Bull to do homegrown Nehalem EX chipset

Fame 2G and its Mesca servers


French server maker Bull is getting serious about the server racket, and is doing the engineering needed to back up its ambitions.

Only two weeks ago, Bull announced that it was creating its own line of extreme-scale blade supercomputers with the unfortunately and presumably unintentionally hilarious name bullx. The machines do, however, include plenty of clever hardware such as nVidia Tesla GPU co-processors, and software such as a complete Linux stack for HPC shops.

And now El Reg has learned that Bull is cooking up its own chipset to create very large servers based on Intel's forthcoming Nehalem EX family of eight-core processors.

According to documents obtained by El Reg, Bull has been planning for many years to create a single family of chipsets that would span its Itanium and Xeons processors. The plan was hatched in the wake of Intel's announcement that it would deliver a Common System Interface (CSI) for the Itaniums and Xeons, a technology we know know - after many years of delays - as the QuickPath Interconnect (QPI).

QPI offers high bandwidth, point-to-point interconnections between processors, memory, and I/O, and is substantially faster and easier to engineer than the frontside bus architecture of Xeon processors that predate the current Nehalem EP chips, and of the current Montvale Itaniums.

The latest roadmaps came out of Bull back in the summer of 2006, when the quad-core Tukwila Itaniums - the first chips slated to use QPI, in theory - were supposed to be readying for launch. Bull's plan was to use its own Fame D chipset to glue together multiple four-socket motherboards based on Intel's E8870 chipset to make machines that scaled to eight processor sockets and beyond.

The revised plan in 2006 called for Intel to ship the quad-core Tukwila Itaniums in mid-2008, which obviously never happened, and to use a new chipset called Fame 2G as the main chipset for four-socket, eight-socket, and larger boxes, which have been given the code-name Mesca. Interestingly, the plan called for the Fame 2G chipset to be used on four-socket and larger servers based on future (and unnamed) Xeon processors from Intel.

In early 2007, Bull updated its chipset and server roadmap to reflect changes that Intel had made in its processor roadmaps, even with the most recent delay for the delivery of the Tukwila Itaniums, which are now slated for the first quarter of 2010.

The QuickPath Interconnect, which was supposed to debut on earlier Xeons (but ones that were supposed to follow the Tukwilas to market), is now in the field, and is slated to appear by the end of the year in the Beckton variant of the Nehalem EX processor.

So with the QPIs all lined up again, Bull is getting ready to deliver its Fame D chipset to support these two machines, apparently. The documents we have seen just refer to Fame D supporting the Nehalem EX processors in the Mesca servers, but there is no reason (yet) to believe that Bull will not support the Tukwilas.

Bull's presentation focuses on supercomputing workloads, where the company has seen some traction in the European market in recent years. But the Mesca servers will be used to create high-end boxes that will be able to run big databases and other back-end workloads, not just parallel supercomputing jobs.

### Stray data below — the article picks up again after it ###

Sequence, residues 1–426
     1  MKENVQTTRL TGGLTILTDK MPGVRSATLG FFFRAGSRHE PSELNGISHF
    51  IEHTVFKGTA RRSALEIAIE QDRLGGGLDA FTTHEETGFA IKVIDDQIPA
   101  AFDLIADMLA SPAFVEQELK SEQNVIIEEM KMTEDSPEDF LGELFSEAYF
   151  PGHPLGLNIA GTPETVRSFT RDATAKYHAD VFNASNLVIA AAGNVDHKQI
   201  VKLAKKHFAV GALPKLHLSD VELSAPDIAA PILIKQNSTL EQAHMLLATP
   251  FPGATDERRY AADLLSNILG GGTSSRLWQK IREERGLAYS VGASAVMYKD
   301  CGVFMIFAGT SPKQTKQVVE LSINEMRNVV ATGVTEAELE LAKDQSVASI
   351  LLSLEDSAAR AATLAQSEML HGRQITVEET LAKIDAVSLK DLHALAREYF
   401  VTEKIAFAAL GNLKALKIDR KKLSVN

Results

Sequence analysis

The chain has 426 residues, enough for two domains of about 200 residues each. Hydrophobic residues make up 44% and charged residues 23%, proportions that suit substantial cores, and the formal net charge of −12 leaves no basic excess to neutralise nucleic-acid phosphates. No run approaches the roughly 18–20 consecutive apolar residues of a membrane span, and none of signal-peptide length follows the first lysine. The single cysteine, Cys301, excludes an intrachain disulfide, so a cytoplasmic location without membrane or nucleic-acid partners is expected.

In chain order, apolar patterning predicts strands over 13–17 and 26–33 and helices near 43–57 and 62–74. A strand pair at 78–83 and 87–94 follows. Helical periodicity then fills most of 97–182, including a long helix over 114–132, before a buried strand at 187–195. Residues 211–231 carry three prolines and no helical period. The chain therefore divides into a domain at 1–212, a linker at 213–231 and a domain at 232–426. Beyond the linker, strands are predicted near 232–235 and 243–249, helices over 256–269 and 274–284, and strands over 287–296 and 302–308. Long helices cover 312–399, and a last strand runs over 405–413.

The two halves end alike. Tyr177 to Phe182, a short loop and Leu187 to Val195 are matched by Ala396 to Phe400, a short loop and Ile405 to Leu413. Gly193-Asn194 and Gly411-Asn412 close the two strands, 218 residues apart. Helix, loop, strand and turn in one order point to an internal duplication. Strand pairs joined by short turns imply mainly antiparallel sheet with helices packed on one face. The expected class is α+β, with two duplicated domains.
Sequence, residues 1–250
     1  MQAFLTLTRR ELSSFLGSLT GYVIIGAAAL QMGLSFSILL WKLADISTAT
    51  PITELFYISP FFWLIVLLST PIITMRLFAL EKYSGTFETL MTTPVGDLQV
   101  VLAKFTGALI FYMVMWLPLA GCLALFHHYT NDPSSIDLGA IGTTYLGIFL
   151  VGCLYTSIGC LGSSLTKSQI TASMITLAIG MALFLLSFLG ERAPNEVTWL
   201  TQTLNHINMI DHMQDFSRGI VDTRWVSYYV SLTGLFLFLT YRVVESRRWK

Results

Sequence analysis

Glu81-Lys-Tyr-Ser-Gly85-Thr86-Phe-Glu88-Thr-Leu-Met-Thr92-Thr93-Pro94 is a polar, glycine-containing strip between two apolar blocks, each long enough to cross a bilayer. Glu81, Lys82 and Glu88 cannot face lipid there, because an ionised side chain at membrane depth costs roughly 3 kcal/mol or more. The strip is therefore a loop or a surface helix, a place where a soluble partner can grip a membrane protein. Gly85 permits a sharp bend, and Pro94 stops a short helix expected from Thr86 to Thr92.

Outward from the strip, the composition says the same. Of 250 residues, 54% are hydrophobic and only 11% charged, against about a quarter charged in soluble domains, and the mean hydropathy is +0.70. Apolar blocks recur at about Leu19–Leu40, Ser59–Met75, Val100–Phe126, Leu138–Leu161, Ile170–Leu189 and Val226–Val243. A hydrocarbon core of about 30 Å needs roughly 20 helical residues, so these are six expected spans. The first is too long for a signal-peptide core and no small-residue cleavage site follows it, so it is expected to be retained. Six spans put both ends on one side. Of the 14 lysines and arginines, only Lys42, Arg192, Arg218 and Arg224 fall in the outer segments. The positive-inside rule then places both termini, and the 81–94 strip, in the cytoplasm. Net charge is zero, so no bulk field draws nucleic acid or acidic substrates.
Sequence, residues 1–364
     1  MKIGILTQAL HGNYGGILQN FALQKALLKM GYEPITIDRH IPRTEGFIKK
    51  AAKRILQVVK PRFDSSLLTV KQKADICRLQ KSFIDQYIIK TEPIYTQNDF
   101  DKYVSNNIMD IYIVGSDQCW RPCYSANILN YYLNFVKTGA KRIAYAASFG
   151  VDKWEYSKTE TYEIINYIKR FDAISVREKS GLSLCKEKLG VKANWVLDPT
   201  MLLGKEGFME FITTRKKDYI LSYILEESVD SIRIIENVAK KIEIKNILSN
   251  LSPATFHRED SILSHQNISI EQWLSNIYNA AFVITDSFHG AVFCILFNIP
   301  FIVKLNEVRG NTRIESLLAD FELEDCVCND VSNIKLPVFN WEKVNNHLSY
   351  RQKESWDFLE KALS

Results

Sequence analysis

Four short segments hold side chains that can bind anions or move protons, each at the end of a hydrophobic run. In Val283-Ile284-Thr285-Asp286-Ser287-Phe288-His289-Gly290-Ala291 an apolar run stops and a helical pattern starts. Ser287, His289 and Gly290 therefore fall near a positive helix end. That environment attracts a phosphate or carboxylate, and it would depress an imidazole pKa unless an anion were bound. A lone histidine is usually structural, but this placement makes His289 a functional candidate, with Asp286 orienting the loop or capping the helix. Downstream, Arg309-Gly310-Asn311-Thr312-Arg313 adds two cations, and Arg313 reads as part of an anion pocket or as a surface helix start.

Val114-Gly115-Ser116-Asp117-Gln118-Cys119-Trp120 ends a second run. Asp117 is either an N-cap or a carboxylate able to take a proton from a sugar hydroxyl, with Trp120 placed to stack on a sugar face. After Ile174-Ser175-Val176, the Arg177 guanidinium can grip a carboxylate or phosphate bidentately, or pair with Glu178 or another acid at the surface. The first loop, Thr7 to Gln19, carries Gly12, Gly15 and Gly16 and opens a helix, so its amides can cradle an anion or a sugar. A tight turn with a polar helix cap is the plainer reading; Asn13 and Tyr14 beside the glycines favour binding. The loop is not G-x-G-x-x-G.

The Fame D chipset is akin to IBM's EX4 and future EX5 chipsets for Xeon processors in that it is used to maintain cache coherency across multiple four-socket motherboards, which themselves have their own chipsets to glue the memories of four processors together into a single symmetric multiprocessing (SMP) cluster.

The heart of the Fame D chipset is a gadget called the Bull Coherent Switch, which sounds like a funky name for the kind of rationalization you might do after a few pints in the pub, but which is actually, as its name suggests, a switch for linking multiple motherboards together by their memories. This switch will support both Itanium and Xeon processors, according to Bull, but not mixed within the same system because the Itanium and Xeon instruction sets are different.

The switch implements something Bull calls the XCSI fabric, which is probably a throwback in name to the CSI code name that QuickPath Interconnect once had, and which probably means Cross CSI fabric. By the time the Fame D chipset launches with Nehalem EX servers in the first quarter of next year, it might be called XQPI.

The Bull Coherent Switch supports six QPI links and six XCSI links and has an aggregate data rate over four server nodes of 230GB/sec. In theory, the switch could be used to link any number of four-socket Nehalem EX or Tukwila processor boards together, but the Mesca machines are going to top out at 16 sockets.

The Mesca server nodes will each have 32 DDR3 main memory slots and support up to four eight-core Nehalem EX chips. That's up to 32 cores and 256GB of main memory per server node. To build out the Mesca server, you place two, three, or four server nodes next to each other and use fiber optic cables to link the boxes together into a big SMP. That's up to 128 cores and 1TB of main memory per single system image, and about as big as any box out there.

There are going to be two different Mesca server nodes: a 3U compute node with four-socket Nehalem EX motherboards, and a 3U service node that puts only one Nehalem EX mobo into the box, but leaves room for eight SAS or SATA disks and six PCI-Express slots (two x16 and four x8 slots, to be precise). The HPC variants of the servers will have 40 Gb/sec quad data rate InfiniBand host channel adapters built onto the boards.

The Mesca servers will support Windows, Linux, and an emulated version of Bull's proprietary GCOS operating system. ®

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